Rembrandt: The King Uzziah Stricken with Leprosy (1635)
Stedelijk Museum, Amsterdam
The Odd and Overwhelming Otherness of God
The odd and overwhelming
otherness of God
- In which Isaiah stands as if
he's some divining rod
Who's found the source of life
and all creatIon's power -
Is followed by so deep a self-
awareness, he just cowers
In his inadequacy:
Woe! Lost! And unclean!
And he is doomed, for all
the majesty that he has seen;
But God has means, it seems,
the doomed one to reclaim,
The coal in tongs atones,
and guilt departed is proclaimed.
But lest we think the prophet
basks in holy bliss,
All-glowing with what must have seemed,
with such an act, God's kiss,
The one who's touched, looks up,
and from his bended knee,
And knowing what he's called to do,
says, "Here I am; send me!"
Such odd, persistent grace
comes when and where it will;
To you, to me, and everyone,
So love its name fulfills.
Scott L. Barton
(Slightly revised from 5/31/15)
[The phrase "the odd, overwhelming otherness of God," and other ideas in the poem come from Walter Brueggemann's "Isaiah 1-39" in the Westminster Bible Companion series, pp. 57-60.]
In the year that King Uzziah died, I saw the Lord sitting on a throne, high and lofty; and the hem of his robe filled the temple. Seraphs were in attendance above him; each had six wings: with two they covered their faces, and with two they covered their feet, and with two they flew. And one called to another and said:
“Holy, holy, holy is the Lord of hosts;
the whole earth is full of his glory.”
The pivots on the thresholds shook at the voices of those who called, and the house filled with smoke.
And I said: “Woe is me! I am lost, for I am a man of unclean lips, and I live among a people of unclean lips; yet my eyes have seen the King, the Lord of hosts!”
Then one of the seraphs flew to me, holding a live coal that had been taken from the altar with a pair of tongs. The seraph touched my mouth with it and said: “Now that this has touched your lips, your guilt has departed and your sin is blotted out.” Then I heard the voice of the Lord saying, “Whom shall I send, and who will go for us?” And I said, “Here am I; send me!”
Henry Ossawa Tanner: Nicodemus Visiting Jesus, 1899
Pennsylvania Academy of Fine Arts, Philadelphia
John 3:1-17 (see also John 7:45-53 and John 19:38-42)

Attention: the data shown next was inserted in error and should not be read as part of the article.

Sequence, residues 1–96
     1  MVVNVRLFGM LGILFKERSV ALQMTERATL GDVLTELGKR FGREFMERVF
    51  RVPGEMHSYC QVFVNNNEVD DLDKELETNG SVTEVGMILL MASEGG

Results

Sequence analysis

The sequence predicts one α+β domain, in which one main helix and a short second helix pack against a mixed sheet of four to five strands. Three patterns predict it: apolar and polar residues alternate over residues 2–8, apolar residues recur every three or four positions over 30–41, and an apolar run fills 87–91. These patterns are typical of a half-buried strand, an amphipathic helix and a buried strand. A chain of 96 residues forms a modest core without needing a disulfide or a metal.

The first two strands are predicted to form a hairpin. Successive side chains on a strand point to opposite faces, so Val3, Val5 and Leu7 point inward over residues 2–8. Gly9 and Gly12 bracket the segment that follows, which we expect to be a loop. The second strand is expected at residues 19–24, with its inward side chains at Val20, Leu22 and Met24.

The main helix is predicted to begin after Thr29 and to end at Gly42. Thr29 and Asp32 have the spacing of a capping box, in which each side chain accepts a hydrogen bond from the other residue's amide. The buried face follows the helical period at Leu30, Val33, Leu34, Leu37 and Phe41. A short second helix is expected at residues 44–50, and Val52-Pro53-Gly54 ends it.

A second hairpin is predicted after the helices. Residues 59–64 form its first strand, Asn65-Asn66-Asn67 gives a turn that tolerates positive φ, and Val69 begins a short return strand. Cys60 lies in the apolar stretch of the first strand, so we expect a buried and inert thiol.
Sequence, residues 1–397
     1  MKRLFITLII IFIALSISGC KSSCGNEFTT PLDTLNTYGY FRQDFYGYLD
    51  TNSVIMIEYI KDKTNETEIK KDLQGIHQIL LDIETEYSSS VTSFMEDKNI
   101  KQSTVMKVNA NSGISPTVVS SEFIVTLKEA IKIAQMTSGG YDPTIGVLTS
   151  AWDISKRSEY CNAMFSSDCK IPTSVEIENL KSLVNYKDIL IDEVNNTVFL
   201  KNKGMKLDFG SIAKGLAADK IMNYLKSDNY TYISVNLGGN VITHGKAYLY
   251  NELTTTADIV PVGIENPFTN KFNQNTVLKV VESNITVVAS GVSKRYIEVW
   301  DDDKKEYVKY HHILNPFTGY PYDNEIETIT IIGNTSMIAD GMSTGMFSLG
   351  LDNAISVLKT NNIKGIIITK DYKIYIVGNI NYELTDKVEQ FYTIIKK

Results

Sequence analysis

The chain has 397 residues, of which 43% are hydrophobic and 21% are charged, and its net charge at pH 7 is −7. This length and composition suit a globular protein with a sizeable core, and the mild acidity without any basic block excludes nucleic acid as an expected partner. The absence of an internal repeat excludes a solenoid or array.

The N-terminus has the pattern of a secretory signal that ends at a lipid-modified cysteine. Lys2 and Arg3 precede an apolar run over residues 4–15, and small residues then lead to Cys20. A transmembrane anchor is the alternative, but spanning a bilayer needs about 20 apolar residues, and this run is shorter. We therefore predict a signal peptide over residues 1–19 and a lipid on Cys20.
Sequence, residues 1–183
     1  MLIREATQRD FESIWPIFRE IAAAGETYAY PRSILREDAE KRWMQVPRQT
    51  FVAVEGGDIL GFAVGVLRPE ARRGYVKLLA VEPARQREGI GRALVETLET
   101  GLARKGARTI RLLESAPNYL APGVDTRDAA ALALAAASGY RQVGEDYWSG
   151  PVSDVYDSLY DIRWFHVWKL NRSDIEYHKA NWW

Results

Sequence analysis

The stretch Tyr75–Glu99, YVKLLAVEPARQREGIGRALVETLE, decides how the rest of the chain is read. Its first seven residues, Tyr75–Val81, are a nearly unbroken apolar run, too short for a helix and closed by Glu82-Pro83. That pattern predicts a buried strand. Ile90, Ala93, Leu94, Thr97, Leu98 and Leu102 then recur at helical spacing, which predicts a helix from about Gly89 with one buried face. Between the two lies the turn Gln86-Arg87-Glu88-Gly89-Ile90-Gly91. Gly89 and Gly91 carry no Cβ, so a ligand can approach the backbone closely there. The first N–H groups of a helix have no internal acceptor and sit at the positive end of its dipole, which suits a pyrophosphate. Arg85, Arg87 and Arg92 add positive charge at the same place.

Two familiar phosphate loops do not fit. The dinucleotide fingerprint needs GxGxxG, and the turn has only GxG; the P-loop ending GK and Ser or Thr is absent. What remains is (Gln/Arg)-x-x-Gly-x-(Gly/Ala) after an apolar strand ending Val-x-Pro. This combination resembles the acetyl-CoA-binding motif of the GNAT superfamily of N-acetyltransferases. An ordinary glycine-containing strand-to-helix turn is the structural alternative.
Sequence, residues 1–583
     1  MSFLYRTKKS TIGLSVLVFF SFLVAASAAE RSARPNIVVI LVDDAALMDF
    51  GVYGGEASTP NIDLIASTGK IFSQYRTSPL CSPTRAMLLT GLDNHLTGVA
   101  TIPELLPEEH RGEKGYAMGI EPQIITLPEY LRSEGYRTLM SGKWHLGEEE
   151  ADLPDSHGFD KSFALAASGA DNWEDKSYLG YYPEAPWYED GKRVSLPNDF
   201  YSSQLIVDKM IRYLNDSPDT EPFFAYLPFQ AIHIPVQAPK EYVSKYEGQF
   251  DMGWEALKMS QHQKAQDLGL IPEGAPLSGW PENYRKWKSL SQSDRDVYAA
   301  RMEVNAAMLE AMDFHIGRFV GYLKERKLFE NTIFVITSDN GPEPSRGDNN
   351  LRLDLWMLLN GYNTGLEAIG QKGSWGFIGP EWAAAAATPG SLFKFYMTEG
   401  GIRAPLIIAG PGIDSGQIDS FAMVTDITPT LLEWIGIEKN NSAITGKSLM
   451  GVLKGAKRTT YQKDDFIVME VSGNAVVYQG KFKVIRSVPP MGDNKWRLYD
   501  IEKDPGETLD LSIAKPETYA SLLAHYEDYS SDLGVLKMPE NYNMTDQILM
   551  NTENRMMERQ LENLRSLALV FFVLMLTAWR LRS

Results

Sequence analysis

That Jesus was on to something
With all that talk
About being born from above,
Even though he hadn't a clue
Of the wind's comings and goings.
Thus he went to that meeting
Where the blowhards
Wanted to do Jesus in,
And tried to talk some sense into them.
I wonder where he got such courage,
Going again by night,
The weight of the world on his back,
Or at least a hundred pounds,
To bury his rabbi,
Winded by the law of love?
Scott L. Barton
John 3:1-17 (with a reference to Numbers 21:9)
It's not just at a football game
Where you will see the sign
That God so loved the world, God gave
God's son; for now "divine"
Means whatsoe'er is given from
The bottom of the heart;
And when that comes, like wind, unplanned,
You'll find your life can start
Again! You're born as if anew,
Since you've looked up to see
The love which from all poison now
Has set the whole world free.
Scott L. Barton
(Previously at 3/16/14)
Now there was a Pharisee named Nicodemus, a leader of the Jews. He came to Jesus by night and said to him, "Rabbi, we know that you are a teacher who has come from God; for no one can do these signs that you do apart from the presence of God." Jesus answered him, "Very truly, I tell you, no one can see the kingdom of God without being born from above." Nicodemus said to him, "How can anyone be born after having grown old? Can one enter a second time into the mother's womb and be born?" Jesus answered, "Very truly, I tell you, no one can enter the kingdom of God without being born of water and Spirit. What is born of the flesh is flesh, and what is born of the Spirit is spirit. Do not be astonished that I said to you, 'You must be born from above.' The wind blows where it chooses, and you hear the sound of it, but you do not know where it comes from or where it goes. So it is with everyone who is born of the Spirit." Nicodemus said to him, "How can these things be?" Jesus answered him, "Are you a teacher of Israel, and yet you do not understand these things?
"Very truly, I tell you, we speak of what we know and testify to what we have seen; yet you do not receive our testimony. If I have told you about earthly things and you do not believe, how can you believe if I tell you about heavenly things? No one has ascended into heaven except the one who descended from heaven, the Son of Man. And just as Moses lifted up the serpent in the wilderness, so must the Son of Man be lifted up, that whoever believes in him may have eternal life.
"For God so loved the world that he gave his only Son, so that everyone who believes in him may not perish but may have eternal life.
"Indeed, God did not send the Son into the world to condemn the world, but in order that the world might be saved through him."